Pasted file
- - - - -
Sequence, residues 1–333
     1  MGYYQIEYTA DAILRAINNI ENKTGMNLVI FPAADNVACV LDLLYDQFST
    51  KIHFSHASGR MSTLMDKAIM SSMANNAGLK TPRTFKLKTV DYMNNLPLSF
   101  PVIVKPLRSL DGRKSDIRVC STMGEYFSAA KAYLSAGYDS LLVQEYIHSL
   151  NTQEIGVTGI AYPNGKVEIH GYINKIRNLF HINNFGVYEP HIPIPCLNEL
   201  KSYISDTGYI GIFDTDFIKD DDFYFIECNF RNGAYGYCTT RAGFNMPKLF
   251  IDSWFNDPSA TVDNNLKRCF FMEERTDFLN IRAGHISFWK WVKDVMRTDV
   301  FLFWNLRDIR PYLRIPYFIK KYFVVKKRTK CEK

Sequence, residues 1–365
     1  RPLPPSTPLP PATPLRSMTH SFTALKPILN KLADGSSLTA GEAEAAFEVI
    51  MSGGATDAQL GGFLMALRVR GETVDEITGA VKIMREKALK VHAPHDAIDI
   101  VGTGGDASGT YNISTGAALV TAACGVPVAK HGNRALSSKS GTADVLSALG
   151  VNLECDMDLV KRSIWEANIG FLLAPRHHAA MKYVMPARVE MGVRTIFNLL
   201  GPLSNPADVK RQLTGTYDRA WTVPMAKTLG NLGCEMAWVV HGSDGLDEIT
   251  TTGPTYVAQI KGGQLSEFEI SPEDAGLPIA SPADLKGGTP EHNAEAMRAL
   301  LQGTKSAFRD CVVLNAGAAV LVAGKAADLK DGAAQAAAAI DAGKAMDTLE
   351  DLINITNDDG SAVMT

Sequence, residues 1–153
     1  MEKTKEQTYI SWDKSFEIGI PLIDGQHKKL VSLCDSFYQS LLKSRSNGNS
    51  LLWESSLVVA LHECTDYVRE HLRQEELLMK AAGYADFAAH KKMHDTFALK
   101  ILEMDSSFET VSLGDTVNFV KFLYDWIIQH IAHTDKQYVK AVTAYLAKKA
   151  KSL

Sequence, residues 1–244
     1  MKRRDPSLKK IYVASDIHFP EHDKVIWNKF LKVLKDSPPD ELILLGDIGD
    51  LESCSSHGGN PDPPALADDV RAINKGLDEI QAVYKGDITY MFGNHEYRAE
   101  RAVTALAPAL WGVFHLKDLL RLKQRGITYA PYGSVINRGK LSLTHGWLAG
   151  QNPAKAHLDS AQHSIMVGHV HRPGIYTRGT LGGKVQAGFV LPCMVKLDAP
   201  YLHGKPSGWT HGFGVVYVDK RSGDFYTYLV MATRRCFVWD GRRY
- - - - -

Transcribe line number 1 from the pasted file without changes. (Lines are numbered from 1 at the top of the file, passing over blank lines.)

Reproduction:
Sequence, residues 1–333